The geographically and stylistically nomadic indie rock band Lilys was the vehicle of singer/songwriter Kurt Heasley, the group's founder and sole constant member. A Philadelphia native, Heasley and Lilys bowed with the 1991 single "February 14," a nod to My Bloody Valentine; while based in Washington, D.C., they recorded their 1992 debut LP, In the Presence of Nothing, an even greater testament to their shoegazing fetish. A two-year silence followed as Heasley roamed the East Coast, finally resurfacing with 1994's A Brief History of Amazing Letdowns EP, on which Lilys refashioned themselves as a guitar pop band. The spare, minimalist Eccsame the Photon Band followed in 1995 before the now Boston-based Heasley delivered the next year's Better Can't Make Your Life Better, evidence of a strong British Invasion fixation.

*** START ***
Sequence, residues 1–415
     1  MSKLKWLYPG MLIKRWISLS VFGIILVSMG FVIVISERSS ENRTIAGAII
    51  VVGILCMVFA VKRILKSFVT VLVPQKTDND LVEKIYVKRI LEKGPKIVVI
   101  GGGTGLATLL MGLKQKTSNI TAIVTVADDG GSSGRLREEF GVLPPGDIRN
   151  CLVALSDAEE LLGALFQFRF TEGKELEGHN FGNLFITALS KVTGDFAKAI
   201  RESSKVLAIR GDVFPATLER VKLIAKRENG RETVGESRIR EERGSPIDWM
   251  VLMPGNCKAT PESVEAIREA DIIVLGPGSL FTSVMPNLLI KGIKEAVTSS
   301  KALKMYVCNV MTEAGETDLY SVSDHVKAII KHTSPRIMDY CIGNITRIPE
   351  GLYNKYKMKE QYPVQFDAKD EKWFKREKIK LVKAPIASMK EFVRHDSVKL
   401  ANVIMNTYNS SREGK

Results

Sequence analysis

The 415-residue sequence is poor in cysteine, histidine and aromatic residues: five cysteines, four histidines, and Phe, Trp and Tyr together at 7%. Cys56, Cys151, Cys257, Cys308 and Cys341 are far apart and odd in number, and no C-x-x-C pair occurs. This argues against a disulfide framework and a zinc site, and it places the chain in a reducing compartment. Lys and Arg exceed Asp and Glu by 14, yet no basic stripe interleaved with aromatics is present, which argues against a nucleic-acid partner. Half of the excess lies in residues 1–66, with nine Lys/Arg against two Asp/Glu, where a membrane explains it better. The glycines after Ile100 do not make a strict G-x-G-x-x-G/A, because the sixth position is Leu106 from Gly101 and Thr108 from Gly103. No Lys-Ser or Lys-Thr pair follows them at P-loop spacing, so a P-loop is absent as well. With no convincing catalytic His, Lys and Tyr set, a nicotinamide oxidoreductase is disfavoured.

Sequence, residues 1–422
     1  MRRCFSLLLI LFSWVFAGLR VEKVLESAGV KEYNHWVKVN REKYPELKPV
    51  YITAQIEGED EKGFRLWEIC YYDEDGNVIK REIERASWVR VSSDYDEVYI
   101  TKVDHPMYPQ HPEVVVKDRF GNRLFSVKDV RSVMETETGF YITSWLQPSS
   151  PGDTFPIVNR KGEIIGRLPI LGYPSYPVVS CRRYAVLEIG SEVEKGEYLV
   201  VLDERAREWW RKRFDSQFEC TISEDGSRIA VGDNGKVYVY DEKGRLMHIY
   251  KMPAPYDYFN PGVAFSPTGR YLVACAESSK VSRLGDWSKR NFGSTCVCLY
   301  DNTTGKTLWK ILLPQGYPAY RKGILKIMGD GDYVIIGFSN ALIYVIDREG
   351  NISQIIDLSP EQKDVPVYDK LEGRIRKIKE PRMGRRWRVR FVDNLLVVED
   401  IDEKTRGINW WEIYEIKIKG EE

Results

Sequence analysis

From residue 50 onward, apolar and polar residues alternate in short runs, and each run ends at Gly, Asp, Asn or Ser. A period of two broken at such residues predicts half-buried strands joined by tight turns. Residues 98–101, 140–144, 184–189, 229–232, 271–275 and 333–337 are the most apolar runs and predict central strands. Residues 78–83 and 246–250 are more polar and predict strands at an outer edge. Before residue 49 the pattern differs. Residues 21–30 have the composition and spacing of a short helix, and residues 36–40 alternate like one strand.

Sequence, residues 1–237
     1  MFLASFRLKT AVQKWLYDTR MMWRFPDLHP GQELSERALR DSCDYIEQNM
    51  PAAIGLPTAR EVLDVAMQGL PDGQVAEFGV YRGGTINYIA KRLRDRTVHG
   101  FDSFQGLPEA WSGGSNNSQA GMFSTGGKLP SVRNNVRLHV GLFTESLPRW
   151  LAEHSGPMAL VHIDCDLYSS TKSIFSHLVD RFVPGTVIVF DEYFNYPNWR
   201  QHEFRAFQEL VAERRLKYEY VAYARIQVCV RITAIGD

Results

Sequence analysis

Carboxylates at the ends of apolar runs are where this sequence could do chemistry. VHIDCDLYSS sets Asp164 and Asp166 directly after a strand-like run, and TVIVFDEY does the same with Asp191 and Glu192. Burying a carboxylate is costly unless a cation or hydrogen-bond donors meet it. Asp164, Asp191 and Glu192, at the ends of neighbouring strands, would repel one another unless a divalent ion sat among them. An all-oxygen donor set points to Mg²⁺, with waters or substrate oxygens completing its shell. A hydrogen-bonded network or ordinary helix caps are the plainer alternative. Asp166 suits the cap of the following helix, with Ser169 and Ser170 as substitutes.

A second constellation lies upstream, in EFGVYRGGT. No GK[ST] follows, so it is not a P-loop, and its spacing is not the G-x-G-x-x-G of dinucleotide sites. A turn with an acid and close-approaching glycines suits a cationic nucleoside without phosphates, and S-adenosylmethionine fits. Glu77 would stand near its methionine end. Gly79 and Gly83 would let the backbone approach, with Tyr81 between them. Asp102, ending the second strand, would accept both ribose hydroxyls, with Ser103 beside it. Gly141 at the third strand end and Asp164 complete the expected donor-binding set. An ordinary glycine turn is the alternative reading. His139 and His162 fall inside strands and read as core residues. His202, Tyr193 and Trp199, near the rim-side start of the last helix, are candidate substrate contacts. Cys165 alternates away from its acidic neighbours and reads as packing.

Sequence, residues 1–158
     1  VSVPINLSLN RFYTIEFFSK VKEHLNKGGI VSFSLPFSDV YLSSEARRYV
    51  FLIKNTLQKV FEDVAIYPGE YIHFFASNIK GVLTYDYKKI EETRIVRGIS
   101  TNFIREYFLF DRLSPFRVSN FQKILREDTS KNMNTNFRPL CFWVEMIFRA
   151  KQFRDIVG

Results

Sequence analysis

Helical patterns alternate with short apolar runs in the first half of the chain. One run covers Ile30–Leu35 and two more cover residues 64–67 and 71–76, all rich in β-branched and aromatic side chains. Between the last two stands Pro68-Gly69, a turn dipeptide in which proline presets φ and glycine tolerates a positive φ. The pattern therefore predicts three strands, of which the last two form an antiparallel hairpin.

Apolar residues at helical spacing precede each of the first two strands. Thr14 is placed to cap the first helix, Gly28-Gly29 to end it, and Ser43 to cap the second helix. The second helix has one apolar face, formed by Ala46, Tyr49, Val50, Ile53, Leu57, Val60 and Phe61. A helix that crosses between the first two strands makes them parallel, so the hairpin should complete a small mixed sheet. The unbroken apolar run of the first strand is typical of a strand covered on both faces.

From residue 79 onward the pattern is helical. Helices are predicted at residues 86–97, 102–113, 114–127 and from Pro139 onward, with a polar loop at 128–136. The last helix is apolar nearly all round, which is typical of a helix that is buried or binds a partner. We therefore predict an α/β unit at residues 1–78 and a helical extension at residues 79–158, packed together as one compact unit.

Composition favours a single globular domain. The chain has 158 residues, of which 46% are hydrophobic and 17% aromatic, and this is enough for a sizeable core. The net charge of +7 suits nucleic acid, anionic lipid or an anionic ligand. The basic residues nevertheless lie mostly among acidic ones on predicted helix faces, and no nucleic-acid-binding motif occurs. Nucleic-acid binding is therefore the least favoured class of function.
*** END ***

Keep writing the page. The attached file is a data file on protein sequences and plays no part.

The Services (For the Soon to Be Departed) EP arrived in 1997; two years later, Lilys resurfaced not only with the full-length The 3-Way but also Zero Population Growth, their entry in Darla Records' continuing Bliss Out series. Around this time, Heasley returned to Philadelphia to focus on raising his family. In fall 2002, he began recording his seventh album. Produced by Mike Mussmano, Precollection highlighted Lilys' brightest, anthemic pop sound yet. It was issued in spring 2003, their first release for Manifesto. Two years later, Heasley joined Mussmano a second time for Everything Wrong Is Imaginary.